Luigi Micheletti Award

Dr Karl Borromäus Murr with H.R.H. Princess Sibilla of Luxembourg during the 2011 Luigi Micheletti Award Cerimony at DASA in Dortmund.
09/04/2011 @ 12:30
The State Textile and Industry Museum, Augsburg scoops the Award in Dortmund

The 16th edition of the Luigi Micheletti Award for scientific, technical and industrial museums, organised by the European Museum Academy in association with the Luigi Micheletti Foundation in Brescia, celebrated with a Presentation Ceremony and associated seminar in Dortmund, Germany, hosted by DASA German Occupational Safety and Health Exhibition. DASA was the first winner of the Micheletti Award, in 1996.

The winner of the 2011 Award was announced on Saturday 9 April, during a ceremony attended by representatives from 16 European countries, in the Steel Hall of DASA, and was followed by an Official Dinner. The winner was announced by Dr Wim van der Weiden, Chairman of the Judging Committee and presented by H.R.H. Princess Sibilla of Luxembourg, who is a member of the Jury.

The State Textile and Industry Museum (TIM) in Augsburg opened in January 2010 in the halls of the former Augsburg worsted yarn spinning mill, founded in 1836. The permanent exhibition explores the textile production process, from the raw textile fibres, the spinning, weaving and refining stages, right up to the tailored item of clothing. In the museum’s own weaving mill historical looms demonstrated by former textile workers produce a vast array of textiles, enabling visitors to experience the sounds, sights and smells of the original mill. A section devoted to fashions of the past two centuries illustrates the different body concepts which have redefined clothing with each new era. The museum tells the story of the workers and the entrepreneurs whose lives were shaped by the industry from the 19th century onwards: exhibits portray the economic, social, political and cultural aspects of work in the textile industry, extending the history into the present day, focusing on high-tech textiles. Of particular note is the pattern book collection of the New Augsburg Calico Factory (1780s-1990s) which contains more than 1.3 million printed fabric patterns.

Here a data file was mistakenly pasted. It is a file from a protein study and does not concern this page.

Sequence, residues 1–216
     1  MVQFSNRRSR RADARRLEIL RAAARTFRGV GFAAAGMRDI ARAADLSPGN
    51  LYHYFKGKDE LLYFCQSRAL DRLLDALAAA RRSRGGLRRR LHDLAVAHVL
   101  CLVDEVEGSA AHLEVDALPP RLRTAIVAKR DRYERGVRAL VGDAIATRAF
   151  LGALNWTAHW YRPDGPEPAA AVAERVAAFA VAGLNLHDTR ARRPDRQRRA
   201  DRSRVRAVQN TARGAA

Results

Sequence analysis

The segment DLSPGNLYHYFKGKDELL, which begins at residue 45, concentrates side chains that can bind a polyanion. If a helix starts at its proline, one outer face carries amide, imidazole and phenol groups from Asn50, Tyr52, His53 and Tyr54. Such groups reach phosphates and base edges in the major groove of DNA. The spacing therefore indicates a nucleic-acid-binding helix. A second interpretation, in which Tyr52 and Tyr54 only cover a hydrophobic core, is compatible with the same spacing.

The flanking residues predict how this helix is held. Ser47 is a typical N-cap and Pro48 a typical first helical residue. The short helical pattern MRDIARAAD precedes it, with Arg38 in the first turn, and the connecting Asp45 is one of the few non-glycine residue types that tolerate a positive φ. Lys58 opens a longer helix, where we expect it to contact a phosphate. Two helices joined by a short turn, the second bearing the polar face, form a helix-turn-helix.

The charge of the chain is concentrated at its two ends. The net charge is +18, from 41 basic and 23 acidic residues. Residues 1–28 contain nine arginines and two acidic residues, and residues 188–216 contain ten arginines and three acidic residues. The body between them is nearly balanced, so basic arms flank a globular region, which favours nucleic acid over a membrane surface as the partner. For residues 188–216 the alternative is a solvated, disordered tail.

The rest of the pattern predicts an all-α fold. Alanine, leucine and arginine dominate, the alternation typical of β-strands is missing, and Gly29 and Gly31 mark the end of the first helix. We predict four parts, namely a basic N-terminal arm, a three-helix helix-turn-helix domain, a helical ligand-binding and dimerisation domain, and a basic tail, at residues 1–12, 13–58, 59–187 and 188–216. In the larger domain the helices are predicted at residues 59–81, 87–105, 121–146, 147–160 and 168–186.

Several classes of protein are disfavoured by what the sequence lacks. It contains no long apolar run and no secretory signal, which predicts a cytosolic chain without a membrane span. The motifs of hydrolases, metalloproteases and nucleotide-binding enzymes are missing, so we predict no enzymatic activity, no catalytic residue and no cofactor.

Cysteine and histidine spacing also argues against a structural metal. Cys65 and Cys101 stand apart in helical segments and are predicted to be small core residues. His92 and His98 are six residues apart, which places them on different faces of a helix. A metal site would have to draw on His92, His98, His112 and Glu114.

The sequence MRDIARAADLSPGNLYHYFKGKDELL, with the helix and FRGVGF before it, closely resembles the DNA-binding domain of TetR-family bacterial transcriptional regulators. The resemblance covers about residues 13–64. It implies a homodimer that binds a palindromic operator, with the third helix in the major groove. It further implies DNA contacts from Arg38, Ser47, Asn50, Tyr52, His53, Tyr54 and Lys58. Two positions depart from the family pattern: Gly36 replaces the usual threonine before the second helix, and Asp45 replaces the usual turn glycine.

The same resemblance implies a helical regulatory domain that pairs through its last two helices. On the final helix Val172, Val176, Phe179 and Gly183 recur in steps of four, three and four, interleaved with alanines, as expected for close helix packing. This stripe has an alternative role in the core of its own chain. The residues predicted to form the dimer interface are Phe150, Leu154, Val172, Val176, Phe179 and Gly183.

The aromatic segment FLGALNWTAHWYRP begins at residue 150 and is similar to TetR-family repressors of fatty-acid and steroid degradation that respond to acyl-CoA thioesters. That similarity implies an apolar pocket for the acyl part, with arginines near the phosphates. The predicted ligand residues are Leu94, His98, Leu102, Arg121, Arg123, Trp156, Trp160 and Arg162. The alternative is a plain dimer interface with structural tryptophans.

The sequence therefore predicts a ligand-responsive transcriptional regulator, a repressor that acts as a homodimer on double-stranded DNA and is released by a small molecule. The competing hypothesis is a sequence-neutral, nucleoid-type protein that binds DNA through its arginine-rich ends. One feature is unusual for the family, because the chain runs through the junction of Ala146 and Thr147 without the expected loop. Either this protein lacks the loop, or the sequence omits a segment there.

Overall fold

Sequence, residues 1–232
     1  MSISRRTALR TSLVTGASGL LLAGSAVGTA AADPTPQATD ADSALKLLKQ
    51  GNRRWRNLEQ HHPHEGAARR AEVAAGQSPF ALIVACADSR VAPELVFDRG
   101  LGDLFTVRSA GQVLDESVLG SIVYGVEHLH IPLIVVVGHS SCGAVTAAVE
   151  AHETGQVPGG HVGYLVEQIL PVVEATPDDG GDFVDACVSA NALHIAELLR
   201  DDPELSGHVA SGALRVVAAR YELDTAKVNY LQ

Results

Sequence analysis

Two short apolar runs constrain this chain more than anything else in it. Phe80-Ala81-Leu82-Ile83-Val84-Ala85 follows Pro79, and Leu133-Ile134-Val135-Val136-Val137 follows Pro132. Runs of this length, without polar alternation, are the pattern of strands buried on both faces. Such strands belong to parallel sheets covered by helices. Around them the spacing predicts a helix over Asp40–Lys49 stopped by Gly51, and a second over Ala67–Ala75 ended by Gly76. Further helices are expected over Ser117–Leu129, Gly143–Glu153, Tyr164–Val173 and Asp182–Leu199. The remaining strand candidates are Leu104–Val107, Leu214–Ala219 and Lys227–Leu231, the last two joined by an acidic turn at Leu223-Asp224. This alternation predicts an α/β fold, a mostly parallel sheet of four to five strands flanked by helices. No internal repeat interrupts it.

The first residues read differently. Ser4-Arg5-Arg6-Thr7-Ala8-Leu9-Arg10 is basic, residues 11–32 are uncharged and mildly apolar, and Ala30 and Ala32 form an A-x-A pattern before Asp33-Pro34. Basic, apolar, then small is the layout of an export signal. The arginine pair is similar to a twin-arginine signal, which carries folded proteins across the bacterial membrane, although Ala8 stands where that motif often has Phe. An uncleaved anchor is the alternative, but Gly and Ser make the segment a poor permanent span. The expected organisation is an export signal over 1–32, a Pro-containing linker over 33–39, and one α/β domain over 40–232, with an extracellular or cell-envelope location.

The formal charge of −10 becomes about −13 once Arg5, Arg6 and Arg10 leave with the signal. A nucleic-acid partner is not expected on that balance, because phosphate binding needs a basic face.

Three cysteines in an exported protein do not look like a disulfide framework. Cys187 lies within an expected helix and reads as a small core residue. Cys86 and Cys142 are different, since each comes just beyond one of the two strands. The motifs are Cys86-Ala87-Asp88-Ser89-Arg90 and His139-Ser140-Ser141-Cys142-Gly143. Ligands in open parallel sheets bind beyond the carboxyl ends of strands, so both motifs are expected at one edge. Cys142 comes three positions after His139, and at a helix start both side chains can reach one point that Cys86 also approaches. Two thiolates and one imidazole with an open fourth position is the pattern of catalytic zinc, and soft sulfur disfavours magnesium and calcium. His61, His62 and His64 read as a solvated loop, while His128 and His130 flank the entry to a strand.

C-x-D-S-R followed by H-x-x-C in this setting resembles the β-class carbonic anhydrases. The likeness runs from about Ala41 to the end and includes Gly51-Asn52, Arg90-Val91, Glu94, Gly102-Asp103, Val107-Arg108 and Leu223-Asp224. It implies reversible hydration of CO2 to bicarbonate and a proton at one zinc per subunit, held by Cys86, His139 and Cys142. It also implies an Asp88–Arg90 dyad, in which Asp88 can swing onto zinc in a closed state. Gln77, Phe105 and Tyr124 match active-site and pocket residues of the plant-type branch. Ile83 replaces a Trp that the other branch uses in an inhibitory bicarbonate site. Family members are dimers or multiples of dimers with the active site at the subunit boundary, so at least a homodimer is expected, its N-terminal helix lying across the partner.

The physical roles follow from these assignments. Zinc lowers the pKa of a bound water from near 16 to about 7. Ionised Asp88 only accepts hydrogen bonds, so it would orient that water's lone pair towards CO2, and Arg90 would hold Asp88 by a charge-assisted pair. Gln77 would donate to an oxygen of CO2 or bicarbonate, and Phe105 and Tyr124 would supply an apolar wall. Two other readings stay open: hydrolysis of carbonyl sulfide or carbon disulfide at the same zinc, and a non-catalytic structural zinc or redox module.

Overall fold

The judges said: the museum starts with the great advantage of being in an original building of the former industrial area of the city which is in the course of rehabilitation. Technical history is explained very well, with volunteers operating working textile machines which show visitors the production process. The story of the employers and workers is well illustrated and provides a good picture of the social history of the period. Particularly commended is the pattern section, designed by the Brückner Studio. Here many patterns can be projected by the visitor onto giant-sized female figures, and visitors can change not only the pattern, but also the colours, size and combination of patterns.
The package of qualities the museum provides comprises the extension of the presentation to include future technologies and development; good educational programmes for children from the age of three upwards; a textile garden; and the commissioning of young designers to produce new patterns, some of which are on sale in the shop, with a very original selection of products. The ambition of the director is to become a meeting place, an aim which is fostered by hosting jazz concerts and fashion shows, and the establishment of links with other cultural organisations.

Staatliches Textil- und Industriemuseum Augsburg (TIM), (Director: Dr Karl Borromäus Murr) Augsburger Kammgarnspinnerei, Provinostrasse 46, D-86153 Augsburg, Germany tel +49 (0)821 81001-510; fax +49 (0)821 81001-531;

Dr Capovin of Luigi Micheletti Foundation during a speech at the awards cerimony.

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